Individualism is a theme in many of the letters. Ghobash conveys the importance of a sense of personal responsibility, the questioning of presented information, and an open-minded pursuit of knowledge in multiple contexts. The fact that Ghobash himself is half-Arab, half-Russian, and was educated in the West (UCL and Oxford) certainly played a role in this stance. While he does discuss several sensitive topics such as gender equality and sexuality, he presents his ideas and questions in a thought-provoking and inoffensive way. He does not try to shove any idea down your throat, but rather encourages a non-violent debate of ideas, acceptance of individual differences, and a pragmatic moral compass that is iterable as we look to coexist amongst different peoples, cultures, and beliefs.
An important read that I would recommend to both my Muslim and non-Muslim friends.
5.0 out of 5 starsWow! A must read for every human being on this planet, especially westerners!
Reviewed in the United States on December 12, 2017
As a westerner, Christian and AMERICAN...I was weary about reading Ghobash’s words. Yet I found every word to be wise, thoughtful, meaningful, sincere, beautiful and most importantly, personal. Ghobash writes to his son as a father would do to any child. He would do the same if he had a daughter. Go read it now. We ALL must understand the ways of all people no matter what faith, what background, or what beliefs. Thank you Omar Saif Ghobash for sharing your life, your emotions, your faith, your beliefs and your visions for a better world. You have shined a light on the Arab, Muslim and Islamist world in magnificent way. I am glad it is the answer for you.
Reviewed in the United Kingdom on January 23, 2017
This book is brilliant because it is such a breeze of fresh air, in an otherwise increasingly gloomy and lost Islamic World. The author is the UAE Ambassador to Moscow, and this first book of his is a compilation of a series of letters intended to his young son, advising him on how to navigate the world as a Muslim.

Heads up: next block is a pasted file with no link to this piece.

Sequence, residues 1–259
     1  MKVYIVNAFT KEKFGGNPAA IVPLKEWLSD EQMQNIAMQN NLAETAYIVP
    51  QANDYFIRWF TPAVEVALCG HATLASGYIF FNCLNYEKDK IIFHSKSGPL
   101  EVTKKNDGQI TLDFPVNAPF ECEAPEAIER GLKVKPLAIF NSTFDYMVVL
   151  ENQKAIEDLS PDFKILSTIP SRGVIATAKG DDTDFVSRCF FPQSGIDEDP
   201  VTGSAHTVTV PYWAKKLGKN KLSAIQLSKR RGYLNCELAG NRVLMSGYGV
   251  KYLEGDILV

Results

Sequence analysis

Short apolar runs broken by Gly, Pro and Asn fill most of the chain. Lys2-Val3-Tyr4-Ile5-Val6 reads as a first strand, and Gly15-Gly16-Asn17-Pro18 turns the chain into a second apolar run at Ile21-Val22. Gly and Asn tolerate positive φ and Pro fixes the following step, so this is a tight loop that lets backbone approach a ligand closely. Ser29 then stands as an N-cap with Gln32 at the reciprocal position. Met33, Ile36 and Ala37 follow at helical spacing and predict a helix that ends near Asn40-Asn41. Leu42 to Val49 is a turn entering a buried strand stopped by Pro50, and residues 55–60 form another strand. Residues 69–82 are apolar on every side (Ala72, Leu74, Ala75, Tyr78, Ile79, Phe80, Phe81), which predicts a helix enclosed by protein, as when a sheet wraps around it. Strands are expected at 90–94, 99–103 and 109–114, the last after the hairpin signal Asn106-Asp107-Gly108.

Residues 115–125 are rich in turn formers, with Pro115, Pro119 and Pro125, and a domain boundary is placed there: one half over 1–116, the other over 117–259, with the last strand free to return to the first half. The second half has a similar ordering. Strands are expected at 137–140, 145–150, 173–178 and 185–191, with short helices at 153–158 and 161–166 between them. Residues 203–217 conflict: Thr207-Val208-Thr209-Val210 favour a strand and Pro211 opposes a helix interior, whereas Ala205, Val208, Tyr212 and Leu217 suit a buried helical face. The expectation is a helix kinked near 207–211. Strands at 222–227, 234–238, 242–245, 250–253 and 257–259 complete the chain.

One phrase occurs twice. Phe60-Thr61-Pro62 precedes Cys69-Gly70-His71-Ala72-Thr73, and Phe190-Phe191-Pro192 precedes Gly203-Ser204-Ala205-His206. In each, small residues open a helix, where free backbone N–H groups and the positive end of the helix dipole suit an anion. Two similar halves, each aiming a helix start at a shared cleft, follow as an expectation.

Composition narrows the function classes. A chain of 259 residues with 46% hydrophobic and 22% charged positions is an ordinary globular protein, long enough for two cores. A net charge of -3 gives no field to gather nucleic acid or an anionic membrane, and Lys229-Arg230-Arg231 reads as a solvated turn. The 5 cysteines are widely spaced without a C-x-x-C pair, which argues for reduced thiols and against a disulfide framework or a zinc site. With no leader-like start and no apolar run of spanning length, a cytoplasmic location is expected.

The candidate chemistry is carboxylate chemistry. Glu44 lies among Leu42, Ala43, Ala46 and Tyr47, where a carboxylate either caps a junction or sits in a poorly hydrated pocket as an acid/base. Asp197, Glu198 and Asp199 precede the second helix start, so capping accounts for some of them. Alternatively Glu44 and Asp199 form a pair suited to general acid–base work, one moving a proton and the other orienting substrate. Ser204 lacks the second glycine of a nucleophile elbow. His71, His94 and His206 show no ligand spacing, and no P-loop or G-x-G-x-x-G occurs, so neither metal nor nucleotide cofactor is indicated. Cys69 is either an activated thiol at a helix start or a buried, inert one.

The ingenuity of this book is the emphasis of individualism, and of the need for one to be unafraid of questioning everything around him. The author does not make extremely confrontational or controversial conclusions, but rather encourages his son to keep an open mind, to develop his individuality and not take anything for granted. The manner in which he speaks to his son is very well-refined, cultivated and respects whatever course of action his son will end up doing. The advice is powerful, but not highly charged. He does not force him to take any certain stance, but rather teases his curiosity and fuels his passion to explore and learn. He mentions Nietzche, Tolstoy, Greek philosophy and the Bible in an intriguing way, without explicitly 'pushing' his son to become exposed to them. He addresses topics like freedom, equality of women, role models and violence. He also tackles more sensitive topics, or using his own words 'self-censored topics', like homosexuality. He gracefully asks his son to consider how homosexuals should be viewed if they were born into this state and could not do anything about it. The book does get a bit repetitive sometimes, and the writing does occasionally become a little muddled, but that is such a trivial observation when analyzing the impact of the book as a whole.
A very insightful and more importantly much-needed book for today's young Muslims. As radical and extreme views sadly increasingly dominate the Islamic thought landscape today, the need to promote individualism and the insistence on inquiry and reasoning is more important than ever. A Western reader might not find the book astounding in its style; but it definitely is revolutionary according to the prevailing general values in the Islamic world that do not place much importance to the need for continuous empowerment of the individual.
This book graciously and assertively does that. I just hope that the book has the ripple effect it deserves across the Islamic world.
5.0 out of 5 starsThoughtful Words For The Next Generation
Reviewed in the United Kingdom on February 3, 2017
A wonderful book of advice from father to son - grappling with so many complex, challenging and sensitive issues. If you have any interest in the World around you, and even if you do not, then I highly recommend this.